Today on July 1st, 2020, we celebrated the closing seminar and graduation ceremony of the 2019-20 AIF Clinton Fellowship cohort. Albeit virtual for the first time due to COVID-19, it turned out to be a meaningful event and festive celebration of service, resilience, and hope for the future of U.S.-India cross-cultural exchange. Over 300 guests from around the world joined in. The event featured insightful contributions from guest speakers congratulating the graduating Fellows. Here are some highlights.
Cultural Exchange in the U.S.-India Partnership
“[Cultural exchange] is an area that not only helps expand the universe of those currently engaged in U.S.-India ties in some manner, but also plants the seeds that can grow over a lifetime and in many different sectors… Increasing the size of the cohort on both sides, can, in the long run, help further all aspects of U.S.-India ties.” -Dr. Alyssa Ayres
Dr. Alyssa Ayres, Senior Fellow for India, Pakistan, and South Asia at the Council on Foreign Relations, shared how her experience studying abroad in India changed and shaped the course of her life. While discussing the amount of growth that both India and the U.S.-India relationship have had since their time as “estranged democracies,” Dr. Ayres pointed to surprising study abroad data that highlights how much more cultural exchange between the two deeply-connected allies is needed in the future. Following her keynote speech, Ambassador Wisner and Dr. Ayres joined together to discuss the answers to burning questions, such as: what are the challenges that these new Fellows are going to face in the future and how are they going to handle them? And, how will the U.S.-India relationship change in the presence of the upcoming 2020 U.S. presidential election?
A Partnership for Effective Cross-Cultural Exchange
“Perspective, perspective, perspective… One can not begin to help without trying to view any situation from a number of different perspectives. It’s kind of like that saying about walking in another person’s shoes, but what an experience like the Peace Corps and the AIF Fellowship program gives, is the understanding that YOU, as the Volunteer or Fellow have the option of taking those shoes off, while many people lack that option. It’s about thoughtful consideration.” -Paul Glick
Paul Glick, Executive Director of the Rural India Supporting Trust (RIST), a funding partner of the AIF Clinton Fellowship program, discussed the importance of the strategic partnership between RIST and AIF. He shared details about the necessity of organizations working together to achieve social and economic change in the tumultuous times we face today. Reflecting back on his life-changing experiences while serving in the U.S. Peace Corps, Mr. Glick emphasized the valuable gains that programs like the AIF Clinton Fellowship provide for not just the Fellows themselves, but for the communities they are placed into and the communities they return home to.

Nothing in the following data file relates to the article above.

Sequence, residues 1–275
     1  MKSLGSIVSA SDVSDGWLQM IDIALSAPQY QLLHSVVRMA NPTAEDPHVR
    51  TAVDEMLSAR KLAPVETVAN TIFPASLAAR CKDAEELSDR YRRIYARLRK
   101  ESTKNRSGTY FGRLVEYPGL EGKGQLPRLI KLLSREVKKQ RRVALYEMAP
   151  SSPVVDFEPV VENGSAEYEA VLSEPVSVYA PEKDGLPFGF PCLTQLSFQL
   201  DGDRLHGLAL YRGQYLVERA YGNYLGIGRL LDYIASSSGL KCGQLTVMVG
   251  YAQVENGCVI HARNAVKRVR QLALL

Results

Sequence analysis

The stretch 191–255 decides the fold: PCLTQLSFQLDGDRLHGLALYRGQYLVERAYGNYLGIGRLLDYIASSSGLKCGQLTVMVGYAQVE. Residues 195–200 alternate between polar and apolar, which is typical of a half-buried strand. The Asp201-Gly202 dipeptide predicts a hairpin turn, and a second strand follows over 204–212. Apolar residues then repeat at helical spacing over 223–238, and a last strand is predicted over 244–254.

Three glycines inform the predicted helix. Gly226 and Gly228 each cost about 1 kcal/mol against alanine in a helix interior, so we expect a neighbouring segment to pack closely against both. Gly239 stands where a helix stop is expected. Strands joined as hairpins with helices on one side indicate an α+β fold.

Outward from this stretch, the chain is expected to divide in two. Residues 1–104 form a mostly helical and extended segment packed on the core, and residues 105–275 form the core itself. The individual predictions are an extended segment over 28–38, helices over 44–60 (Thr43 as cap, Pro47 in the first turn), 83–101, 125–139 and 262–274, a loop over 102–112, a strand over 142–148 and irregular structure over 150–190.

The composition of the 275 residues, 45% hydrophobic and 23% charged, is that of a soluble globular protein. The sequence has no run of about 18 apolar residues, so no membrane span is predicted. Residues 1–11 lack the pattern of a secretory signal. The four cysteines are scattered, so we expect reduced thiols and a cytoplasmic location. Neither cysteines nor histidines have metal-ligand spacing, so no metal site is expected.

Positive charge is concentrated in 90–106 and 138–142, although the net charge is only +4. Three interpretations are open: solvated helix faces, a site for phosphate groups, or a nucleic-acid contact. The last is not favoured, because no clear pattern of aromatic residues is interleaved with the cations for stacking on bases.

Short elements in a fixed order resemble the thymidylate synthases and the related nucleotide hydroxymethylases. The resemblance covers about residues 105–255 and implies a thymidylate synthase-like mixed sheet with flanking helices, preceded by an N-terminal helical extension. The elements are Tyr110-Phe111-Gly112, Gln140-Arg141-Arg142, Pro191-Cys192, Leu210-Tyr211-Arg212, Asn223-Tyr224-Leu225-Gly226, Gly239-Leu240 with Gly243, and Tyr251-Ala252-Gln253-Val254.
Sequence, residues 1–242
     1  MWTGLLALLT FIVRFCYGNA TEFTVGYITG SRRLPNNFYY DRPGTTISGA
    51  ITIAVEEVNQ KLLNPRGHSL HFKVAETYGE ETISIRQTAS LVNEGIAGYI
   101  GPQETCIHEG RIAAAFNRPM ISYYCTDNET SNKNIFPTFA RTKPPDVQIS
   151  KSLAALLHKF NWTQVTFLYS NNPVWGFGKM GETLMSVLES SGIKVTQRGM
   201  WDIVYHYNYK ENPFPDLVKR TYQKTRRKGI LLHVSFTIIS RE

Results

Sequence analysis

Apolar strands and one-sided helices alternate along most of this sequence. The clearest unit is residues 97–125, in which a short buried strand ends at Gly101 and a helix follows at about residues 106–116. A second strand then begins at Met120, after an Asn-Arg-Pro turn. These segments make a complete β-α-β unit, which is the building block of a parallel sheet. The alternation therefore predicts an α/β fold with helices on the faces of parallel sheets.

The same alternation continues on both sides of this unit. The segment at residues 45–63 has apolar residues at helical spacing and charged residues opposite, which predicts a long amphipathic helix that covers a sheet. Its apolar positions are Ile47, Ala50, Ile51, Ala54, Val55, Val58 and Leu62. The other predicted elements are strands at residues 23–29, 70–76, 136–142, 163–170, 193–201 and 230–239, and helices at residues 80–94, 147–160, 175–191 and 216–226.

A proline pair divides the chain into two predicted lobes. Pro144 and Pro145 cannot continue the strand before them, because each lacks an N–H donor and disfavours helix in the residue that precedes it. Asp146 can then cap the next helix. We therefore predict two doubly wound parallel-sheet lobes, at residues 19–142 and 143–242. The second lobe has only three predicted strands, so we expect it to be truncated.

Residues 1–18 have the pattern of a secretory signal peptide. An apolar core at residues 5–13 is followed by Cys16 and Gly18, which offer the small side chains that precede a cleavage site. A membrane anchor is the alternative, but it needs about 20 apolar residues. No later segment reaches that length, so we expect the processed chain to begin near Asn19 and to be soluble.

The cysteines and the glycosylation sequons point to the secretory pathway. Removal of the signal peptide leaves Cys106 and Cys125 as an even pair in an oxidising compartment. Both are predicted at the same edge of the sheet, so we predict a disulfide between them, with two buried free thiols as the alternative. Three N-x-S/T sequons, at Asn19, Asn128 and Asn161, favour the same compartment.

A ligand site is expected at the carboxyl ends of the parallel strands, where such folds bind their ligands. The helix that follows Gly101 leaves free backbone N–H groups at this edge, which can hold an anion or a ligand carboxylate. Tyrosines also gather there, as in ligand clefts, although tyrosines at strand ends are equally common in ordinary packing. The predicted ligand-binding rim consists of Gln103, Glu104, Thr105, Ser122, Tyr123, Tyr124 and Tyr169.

The Importance of Philanthropy and Investing in the Next Generation of Change Makers
“I think if we put it in the context of today’s world, India and the U.S. are both struggling with making sure our democracies thrive. We can overcome historical legacies, we can create opportunities for the future, and if our Fellows become that small group of committed people, then AIF has invested in the future of its mission. What can be more powerful?” -Lata Krishnan
Lata Krishnan, Co-Chair of AIF’s Board of Directors and Founding President of AIF, and Ajay Shah, Co-Chair of AIF’s William J. Clinton Fellowship for Service in India, expanded on the importance of investing in the next generation of changemakers in order to create lasting social and economic change in the future. Tying their own experiences living, studying, and working across continents and cultures into the life-changing experiences that the Fellowship provides, Ms. Krishnan and Mr. Shah underscored the significance that serving for ten months will have both for the careers that Fellows will soon embark upon but also for helping NGOs on the ground to achieve their mission and bridge the divide between the U.S. and India. While the Fellowship program has grown over the years from a handful of thoughtful, committed, and passionate young professionals to one that has invested in 500+ Americans and Indians, the program does not end at the 10th month: rather, Ms. Krishnan and Mr. Shah emphasized the strong impact that continuing to be part of the alumni network and the AIF ecosystem can be used to create further opportunities, to find people with like-minded interests, and to generate resources for future projects.